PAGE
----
Triet Dang Triet Dang -4 years ago 100
Javascript Question

Weird behavior with variable scope and 'require' in NodeJS

I have 2 files:

testrequire.js

let a = {};

function foo() {
a = 'test';
};

module.exports.foo = foo;
module.exports.a = a;


test.js

let a = require('./testrequire');

a.foo();

console.log(a);


When I run
test.js
, this is the result:

{ foo: [Function: foo], a: {} }


But I expect it to be like this:

{ foo: [Fuction: foo], a: 'test' }





However, when I change testrequire.js like this:

let a = {};

function foo() {
a.b = 'test';
};

module.exports.foo = foo;
module.exports.a = a;


The result is:

{ foo: [Function: foo], a: { b: 'test' } }


And it is perfectly like what I expected.




The question here is: Why function
foo()
can modify
a
's properties while it cannot modify
a
?

P/S: I did try
var
instead of
let
and the result is still the same. So it is definitely not ES6
let
fault.

Answer Source

It's a pointer thing. It's the same in C/C++, Java etc. We've gotten so used to closures that we've sort of expect regular pointers to work the same. But pointers/references are simple indirections.

Let's walk through your code:

let a = {};

Create an object ({}) and point the variable a to that object.

function foo() {
    a = 'test';
};

Declare a function foo() that overwrites the value of a with a string. Now, if you remember your C/assembly then you'd remember that the value of a pointer is the address of the thing it points to. So the original value of a is not {} but the address to that object. When you overwrite a with a string that object still exist and can be garbage collected unless something else points to it.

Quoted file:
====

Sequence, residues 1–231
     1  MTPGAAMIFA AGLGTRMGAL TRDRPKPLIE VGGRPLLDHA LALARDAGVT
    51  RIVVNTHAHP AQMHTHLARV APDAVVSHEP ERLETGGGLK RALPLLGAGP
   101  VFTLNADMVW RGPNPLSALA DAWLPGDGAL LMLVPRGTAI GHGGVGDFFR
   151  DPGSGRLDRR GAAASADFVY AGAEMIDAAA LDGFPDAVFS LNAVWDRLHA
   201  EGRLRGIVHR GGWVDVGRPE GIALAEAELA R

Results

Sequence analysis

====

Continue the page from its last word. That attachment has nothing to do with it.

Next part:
module.exports.foo = foo;
module.exports.a = a;

Export two properties, 1. foo which points to a function and 2. a which points to the same object that a is pointing to. Remember, just like in C/Java this does not mean that module.exports.a points to a but that it points to {}. Now you have two variables pointing to the same object {}.

Now, when you do:

a.foo();

All you're doing is changing the enclosed variable a to point to a string instead of the original object. You haven't done anything to a.a at all. It's still pointing to {}.


Workarounds

There are two ways to get what you want. First, the OO way. Don't create a closure for a, make it a regular object property:

function foo() {
  this.a = 'test';
};
module.exports.foo = foo;
module.exports.a = {};

This will work as expected because modules in node.js are proper singletons so they can be treated as regular objects.

The second way to do this to use a getter to get the enclosed a. Remember that closures only work with functions, not objects. So just assigning the variable to a property like you did results in a regular pointer operation not a closure. The workaround is this:

let a = {};

function foo() {
  a = 'test';
};
function getA() {
  return a; // this works because we've created a closure
}
module.exports.foo = foo;
module.exports.getA = getA;

Now you can do:

a.foo();
a.getA(); // should return 'test'
Recommended from our users: Dynamic Network Monitoring from WhatsUp Gold from IPSwitch. Free Download